The Reel Review


A group of teens must face their fears to save their lives in this film adaptation of Alvin Schwartz’s popular 1980s collection of children’s horror stories. Produced by Oscar-winner Guillermo del Toro, the film, set in 1968, centers on a group of small town teenagers poking around inside a haunted house. When they open a book belonging to Sarah Bellows, a long-dead girl associated with a spooky urban legend, the stories literally write themselves (in children’s blood, no less!), unleashing a variety of ghoulish monsters.

Directed by André Øvredal (The Autopsy of Jane Doe, Trollhunter), the film focuses less on big scares and more on creepy vignettes with well done visual effects – the equivalent of a roller coaster that has lots of swerves and dips but no massive, breathtaking plunges. It can still be a fun ride, and this one is.

Stylish visual effects, strong performances from the ensemble cast (especially Zoe Margaret Colletti as Stella) and the clever incorporation of more adult themes from that era (racism, the Vietnam War, Richard Nixon’s Presidential win) makes for a well-crafted, old fashioned horror tale. Lana Del Ray caps it off with a haunting tune in the closing credits.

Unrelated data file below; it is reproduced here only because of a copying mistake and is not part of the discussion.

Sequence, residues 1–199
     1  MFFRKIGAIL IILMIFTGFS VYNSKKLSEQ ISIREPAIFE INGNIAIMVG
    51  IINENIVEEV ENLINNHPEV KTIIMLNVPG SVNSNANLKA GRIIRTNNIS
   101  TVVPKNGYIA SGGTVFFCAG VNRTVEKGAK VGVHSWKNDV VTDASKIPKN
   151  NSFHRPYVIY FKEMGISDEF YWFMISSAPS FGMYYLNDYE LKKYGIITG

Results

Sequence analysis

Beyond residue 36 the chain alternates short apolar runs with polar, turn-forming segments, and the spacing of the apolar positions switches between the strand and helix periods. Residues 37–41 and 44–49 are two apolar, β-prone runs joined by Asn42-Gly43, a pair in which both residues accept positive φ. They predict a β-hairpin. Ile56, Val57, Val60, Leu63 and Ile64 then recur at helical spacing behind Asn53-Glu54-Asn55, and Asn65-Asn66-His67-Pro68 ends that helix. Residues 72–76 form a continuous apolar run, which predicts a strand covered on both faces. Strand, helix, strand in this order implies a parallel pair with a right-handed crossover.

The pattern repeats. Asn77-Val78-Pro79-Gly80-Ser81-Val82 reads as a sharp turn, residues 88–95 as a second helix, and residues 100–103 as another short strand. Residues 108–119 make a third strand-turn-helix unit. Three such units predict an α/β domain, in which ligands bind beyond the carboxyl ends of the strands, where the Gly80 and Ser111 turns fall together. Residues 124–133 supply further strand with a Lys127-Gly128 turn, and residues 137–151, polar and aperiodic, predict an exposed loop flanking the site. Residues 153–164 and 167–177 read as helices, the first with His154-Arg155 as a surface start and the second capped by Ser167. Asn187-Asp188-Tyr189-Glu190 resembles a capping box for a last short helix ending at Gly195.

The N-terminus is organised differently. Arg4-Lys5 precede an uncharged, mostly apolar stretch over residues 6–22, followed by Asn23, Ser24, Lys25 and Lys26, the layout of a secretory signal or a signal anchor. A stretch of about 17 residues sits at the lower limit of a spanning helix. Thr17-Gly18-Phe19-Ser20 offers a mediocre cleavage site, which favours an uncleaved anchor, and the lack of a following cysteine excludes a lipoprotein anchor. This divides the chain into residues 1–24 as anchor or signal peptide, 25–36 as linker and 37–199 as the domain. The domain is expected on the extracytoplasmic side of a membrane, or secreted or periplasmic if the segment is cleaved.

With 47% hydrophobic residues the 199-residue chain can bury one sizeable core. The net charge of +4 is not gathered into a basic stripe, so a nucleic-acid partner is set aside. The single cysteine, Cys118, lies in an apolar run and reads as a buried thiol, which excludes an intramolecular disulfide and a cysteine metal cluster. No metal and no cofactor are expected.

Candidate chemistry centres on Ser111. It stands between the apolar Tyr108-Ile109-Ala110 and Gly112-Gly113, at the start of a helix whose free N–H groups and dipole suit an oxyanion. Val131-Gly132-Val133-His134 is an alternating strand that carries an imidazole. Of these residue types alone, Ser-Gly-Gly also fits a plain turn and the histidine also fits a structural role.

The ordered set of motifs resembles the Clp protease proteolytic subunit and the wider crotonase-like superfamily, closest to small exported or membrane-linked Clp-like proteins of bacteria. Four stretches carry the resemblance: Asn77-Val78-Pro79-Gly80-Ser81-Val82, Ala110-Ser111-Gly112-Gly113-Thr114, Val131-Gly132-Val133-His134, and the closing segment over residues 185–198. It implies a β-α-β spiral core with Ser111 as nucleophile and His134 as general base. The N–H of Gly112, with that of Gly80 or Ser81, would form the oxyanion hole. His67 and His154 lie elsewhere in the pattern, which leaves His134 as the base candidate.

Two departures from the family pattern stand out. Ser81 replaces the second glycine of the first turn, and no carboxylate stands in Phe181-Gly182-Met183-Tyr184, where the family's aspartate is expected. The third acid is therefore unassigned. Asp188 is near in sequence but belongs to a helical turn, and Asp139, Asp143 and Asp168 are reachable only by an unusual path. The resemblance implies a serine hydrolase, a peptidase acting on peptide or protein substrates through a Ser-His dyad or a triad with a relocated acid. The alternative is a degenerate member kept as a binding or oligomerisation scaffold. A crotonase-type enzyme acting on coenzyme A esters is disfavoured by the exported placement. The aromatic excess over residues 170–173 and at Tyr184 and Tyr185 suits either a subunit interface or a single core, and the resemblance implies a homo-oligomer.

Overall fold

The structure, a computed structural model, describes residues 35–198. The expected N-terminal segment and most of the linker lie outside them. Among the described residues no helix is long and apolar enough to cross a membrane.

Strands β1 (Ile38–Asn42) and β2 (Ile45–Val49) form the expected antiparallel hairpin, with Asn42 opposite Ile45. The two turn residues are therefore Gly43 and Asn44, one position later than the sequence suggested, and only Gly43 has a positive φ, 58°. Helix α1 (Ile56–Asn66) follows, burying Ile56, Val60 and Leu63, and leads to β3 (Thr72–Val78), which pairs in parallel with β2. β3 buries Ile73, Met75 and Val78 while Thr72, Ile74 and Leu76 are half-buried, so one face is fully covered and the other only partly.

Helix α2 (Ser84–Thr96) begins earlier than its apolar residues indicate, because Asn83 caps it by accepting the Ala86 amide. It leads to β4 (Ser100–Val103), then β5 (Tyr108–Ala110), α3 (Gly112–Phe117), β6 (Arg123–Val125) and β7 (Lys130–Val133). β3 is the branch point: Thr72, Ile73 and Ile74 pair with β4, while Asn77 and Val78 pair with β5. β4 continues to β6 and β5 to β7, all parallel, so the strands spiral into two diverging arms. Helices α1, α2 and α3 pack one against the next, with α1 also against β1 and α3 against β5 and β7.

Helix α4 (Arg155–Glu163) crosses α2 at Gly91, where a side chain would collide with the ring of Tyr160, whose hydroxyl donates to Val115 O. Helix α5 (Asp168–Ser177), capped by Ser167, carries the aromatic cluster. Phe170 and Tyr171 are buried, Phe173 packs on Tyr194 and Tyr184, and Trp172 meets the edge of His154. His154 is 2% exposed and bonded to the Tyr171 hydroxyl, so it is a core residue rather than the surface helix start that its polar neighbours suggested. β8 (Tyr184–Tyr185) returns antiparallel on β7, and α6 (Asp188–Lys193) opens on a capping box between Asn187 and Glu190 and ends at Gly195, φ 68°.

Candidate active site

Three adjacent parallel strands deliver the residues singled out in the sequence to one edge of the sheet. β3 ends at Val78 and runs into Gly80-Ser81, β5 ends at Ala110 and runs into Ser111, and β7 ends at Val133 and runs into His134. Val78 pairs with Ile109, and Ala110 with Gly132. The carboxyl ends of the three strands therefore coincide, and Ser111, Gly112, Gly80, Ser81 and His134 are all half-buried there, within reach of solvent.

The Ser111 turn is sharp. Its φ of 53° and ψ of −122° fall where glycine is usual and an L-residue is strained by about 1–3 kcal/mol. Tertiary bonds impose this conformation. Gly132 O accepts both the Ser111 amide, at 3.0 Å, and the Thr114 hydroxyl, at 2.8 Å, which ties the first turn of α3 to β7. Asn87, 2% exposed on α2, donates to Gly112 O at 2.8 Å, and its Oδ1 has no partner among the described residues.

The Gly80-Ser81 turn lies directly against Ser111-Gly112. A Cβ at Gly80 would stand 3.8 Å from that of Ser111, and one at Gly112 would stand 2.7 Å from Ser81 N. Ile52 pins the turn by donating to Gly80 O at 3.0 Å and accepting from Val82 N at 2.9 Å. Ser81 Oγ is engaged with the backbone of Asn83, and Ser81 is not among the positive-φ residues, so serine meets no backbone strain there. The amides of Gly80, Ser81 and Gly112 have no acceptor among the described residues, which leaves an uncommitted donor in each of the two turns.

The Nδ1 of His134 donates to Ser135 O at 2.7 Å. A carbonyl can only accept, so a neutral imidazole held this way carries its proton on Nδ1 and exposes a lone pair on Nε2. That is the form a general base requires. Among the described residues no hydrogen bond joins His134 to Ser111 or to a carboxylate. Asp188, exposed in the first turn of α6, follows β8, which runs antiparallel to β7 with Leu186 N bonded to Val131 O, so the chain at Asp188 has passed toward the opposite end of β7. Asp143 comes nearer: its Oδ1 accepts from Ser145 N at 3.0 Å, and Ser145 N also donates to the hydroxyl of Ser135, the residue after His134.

• Co-stars Austin Zajur (Chuck) and Dean Norris (Stella’s dad, Roy) also co-starred in the 2017 comedy Fist Fight

• Gil Bellows (Chief Turner) was Tommy in the iconic 1994 drama The Shawshank Redemption.

The Pale Lady in Alvin Schwartz’s “Scary Stories 3: More Tales to Chill Your Bones”

• Alvin Schwartz’s books – 1981’s Scary Stories to Tell in the Dark, 1984’s More Scary Stories to Tell in the Dark and 1991’s Scary Stories 3: More Tales to Chill Your Bones were the most challenged series of books in the 90s, targeted for bans at school libraries by parents upset with the macabre topics and nightmarish artwork.


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